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The walks that started it all: Cindy Litterini-Smith's marinara sauce

Updated: Apr 27, 2022

Photos by: Jason Minear

A view of West Park in Stowe Township.

By Carol Dzadony-Mancini


When I grew up there, West Park – not to be confused with the West End – was known for a few things: its great firemen’s parade, the now-defunct West Park Beverages and the iconic Mancini’s bread. We had a pharmacy on every corner and thriving bakery shops right next to each other. You got your chickens and everything poultry-related at Sarah Jacob’s and your Italian sausage at Ernie Ricci’s. Anything else Italian could be found at Cersosimo’s or Mazzotta’s. Blue Eagle Market could be relied on for everything else.

Growing up in this historic portion of Stowe Township, we walked everywhere. We found shortcuts to get us where we were going faster (or home quicker so not to be in trouble for breaking curfew). Along the way, I found myself running past open windows where the smells of the kitchen wafted in my path, past bakery shops, and nationality church festivals with the best food around; it was a great place to grow up.

One such window, Emma Mancini-Litterini's, constantly had aromas that would transport you to another world. To get anywhere fast, I'd run down my front steps, across the street past my Grandpap's house, through the alley to maneuver the 30 steps of Emma's house onto Ridge Avenue. Even running fast, I could smell her tomato sauce as the aromas carried on the movement of air I created. Sauce must have cooked on that stove under that window 1,000 times. That delicious bouquet tickled my nose.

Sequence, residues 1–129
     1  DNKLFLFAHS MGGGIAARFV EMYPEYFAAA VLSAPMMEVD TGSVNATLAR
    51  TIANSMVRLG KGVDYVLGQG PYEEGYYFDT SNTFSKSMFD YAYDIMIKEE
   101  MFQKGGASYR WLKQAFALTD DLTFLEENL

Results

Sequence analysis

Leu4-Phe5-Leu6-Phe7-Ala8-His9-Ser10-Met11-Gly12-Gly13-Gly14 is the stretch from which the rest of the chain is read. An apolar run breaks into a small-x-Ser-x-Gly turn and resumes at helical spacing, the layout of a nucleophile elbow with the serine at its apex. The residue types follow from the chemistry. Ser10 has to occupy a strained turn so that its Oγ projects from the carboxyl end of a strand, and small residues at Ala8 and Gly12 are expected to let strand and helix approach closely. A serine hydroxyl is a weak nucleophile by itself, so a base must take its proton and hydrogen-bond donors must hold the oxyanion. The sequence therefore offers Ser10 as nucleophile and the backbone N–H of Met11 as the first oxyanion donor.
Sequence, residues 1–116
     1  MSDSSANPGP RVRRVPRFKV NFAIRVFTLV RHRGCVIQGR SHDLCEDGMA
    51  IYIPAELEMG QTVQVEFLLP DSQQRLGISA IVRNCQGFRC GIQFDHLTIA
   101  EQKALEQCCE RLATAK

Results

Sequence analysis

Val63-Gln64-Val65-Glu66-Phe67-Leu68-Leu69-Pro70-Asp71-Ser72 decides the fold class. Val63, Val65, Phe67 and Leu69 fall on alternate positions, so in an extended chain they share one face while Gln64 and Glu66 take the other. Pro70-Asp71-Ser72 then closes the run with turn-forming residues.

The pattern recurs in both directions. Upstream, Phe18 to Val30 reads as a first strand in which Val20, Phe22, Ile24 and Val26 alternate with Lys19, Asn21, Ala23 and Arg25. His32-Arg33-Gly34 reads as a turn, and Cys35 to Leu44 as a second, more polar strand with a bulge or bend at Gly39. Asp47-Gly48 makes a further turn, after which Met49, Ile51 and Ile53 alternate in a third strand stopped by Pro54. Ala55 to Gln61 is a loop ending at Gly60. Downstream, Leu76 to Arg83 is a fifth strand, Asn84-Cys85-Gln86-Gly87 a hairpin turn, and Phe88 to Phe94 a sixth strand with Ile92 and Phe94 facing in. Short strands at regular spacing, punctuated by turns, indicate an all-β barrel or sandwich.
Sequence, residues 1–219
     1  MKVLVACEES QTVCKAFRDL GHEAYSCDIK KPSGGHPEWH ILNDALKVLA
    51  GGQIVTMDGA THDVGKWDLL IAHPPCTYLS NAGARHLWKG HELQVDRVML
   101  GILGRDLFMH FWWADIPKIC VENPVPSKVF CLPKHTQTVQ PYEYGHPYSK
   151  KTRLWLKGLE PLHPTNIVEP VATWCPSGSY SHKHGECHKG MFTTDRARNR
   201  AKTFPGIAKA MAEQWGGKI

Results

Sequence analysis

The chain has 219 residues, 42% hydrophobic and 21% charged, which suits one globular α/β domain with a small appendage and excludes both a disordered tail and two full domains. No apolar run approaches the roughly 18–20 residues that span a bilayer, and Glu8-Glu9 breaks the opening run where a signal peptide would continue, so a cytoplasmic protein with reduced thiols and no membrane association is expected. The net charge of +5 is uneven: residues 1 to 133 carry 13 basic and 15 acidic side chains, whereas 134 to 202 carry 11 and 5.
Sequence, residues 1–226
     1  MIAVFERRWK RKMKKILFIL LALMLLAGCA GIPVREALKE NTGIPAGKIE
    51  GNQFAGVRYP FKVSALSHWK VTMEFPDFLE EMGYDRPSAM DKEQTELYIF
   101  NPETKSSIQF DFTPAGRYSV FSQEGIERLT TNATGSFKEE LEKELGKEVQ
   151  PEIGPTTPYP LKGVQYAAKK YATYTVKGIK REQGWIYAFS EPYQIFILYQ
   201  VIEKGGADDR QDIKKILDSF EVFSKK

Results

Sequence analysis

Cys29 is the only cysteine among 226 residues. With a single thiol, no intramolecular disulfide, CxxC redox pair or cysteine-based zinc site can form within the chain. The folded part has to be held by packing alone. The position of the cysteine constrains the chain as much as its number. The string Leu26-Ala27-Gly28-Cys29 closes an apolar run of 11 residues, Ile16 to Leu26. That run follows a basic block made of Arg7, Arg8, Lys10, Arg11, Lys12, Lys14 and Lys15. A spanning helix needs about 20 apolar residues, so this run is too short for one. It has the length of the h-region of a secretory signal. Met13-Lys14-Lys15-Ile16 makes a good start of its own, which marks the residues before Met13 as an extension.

I had the pleasure of eating her spaghetti with marinara several times. Hell, I even got to watch her make it on occasion. You see, my mom Bernie and she were friends, so we’d “come for coffee.” Emma would smoke her cigarette and stir the sauce. She'd get to talking with my mom about one thing or another and that ash would grow and grow right in Emma's lips as she talked. And they talked. Sometimes the cigarette would stop smoking, no more tobacco. And no more ash.

Before long, her sauce would coat the perfectly cooked noodles (usually spaghetti) that she generously sprinkled with Pecorino Romano cheese. Mangia! We would eat the spaghetti and dinge our Mancini’s bread in the leftover sauce. Oh, it was the perfect comfort food! I couldn't wait until the next time we were invited ‘for coffee’.

Fast forward decades, and I found myself part of her family. You see, I married her nephew, Dan, and suddenly my favorite neighbors were family. You know what that meant? If I played my cards right, I might one day be legacy to family recipes, including that sauce!

My neighbor turned cousin, Cindy Litterini Smith, was a graduate of Culinary Institute of America, Hyde Park. She learned and perfected her already passionate culinary skills while at CIA and moved back to Pittsburgh to start her chef career at Sewickley Hotel. After years of back-breaking work, she retired, but she never stopped loving food, or cooking and teaching. And she loved to teach. And I loved being her student. I took it all in, asked millions of questions, and became privy to secrets of the culinary world she may have been shunned for disclosing. One day I asked her to teach me how to make the sauce. You see, Emma died suddenly before I became part of her family. Cindy made sure Emma's recipes lived on with another generation by cooking them, and she shared with me.